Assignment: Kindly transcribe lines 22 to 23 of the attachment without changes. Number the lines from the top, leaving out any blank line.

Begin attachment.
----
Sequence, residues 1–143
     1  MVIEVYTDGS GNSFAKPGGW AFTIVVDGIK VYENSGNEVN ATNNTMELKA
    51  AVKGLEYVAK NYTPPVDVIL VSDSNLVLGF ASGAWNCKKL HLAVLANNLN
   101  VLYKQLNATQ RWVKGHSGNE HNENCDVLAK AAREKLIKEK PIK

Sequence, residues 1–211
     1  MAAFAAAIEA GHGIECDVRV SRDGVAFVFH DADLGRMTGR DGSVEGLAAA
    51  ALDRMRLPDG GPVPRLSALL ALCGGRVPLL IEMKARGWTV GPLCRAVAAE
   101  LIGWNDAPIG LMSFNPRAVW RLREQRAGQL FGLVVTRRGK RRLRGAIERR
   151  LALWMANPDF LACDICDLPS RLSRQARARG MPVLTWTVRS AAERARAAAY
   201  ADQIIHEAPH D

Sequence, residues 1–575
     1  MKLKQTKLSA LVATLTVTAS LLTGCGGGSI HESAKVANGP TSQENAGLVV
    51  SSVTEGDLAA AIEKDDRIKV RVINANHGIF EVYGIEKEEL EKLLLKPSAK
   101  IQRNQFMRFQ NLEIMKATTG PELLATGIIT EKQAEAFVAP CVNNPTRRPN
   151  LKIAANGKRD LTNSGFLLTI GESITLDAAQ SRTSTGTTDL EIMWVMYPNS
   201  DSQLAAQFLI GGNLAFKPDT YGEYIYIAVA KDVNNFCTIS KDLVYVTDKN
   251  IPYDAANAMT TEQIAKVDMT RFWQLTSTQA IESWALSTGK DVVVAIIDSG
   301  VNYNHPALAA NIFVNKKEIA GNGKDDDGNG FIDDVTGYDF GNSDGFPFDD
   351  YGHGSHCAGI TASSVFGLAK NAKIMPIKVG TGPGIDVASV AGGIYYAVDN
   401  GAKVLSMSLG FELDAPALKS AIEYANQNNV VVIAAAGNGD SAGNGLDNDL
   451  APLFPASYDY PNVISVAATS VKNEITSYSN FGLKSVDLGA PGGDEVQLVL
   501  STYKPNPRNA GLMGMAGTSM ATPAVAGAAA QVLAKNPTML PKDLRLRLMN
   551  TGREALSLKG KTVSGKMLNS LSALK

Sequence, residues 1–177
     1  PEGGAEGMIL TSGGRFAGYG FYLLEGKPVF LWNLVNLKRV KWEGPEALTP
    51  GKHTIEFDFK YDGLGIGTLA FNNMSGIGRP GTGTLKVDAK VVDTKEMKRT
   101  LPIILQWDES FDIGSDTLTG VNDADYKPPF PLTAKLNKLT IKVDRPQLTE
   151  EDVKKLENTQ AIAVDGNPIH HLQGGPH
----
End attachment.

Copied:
   501  STYKPNPRNA GLMGMAGTSM ATPAVAGAAA QVLAKNPTML PKDLRLRLMN
   551  TGREALSLKG KTVSGKMLNS LSALK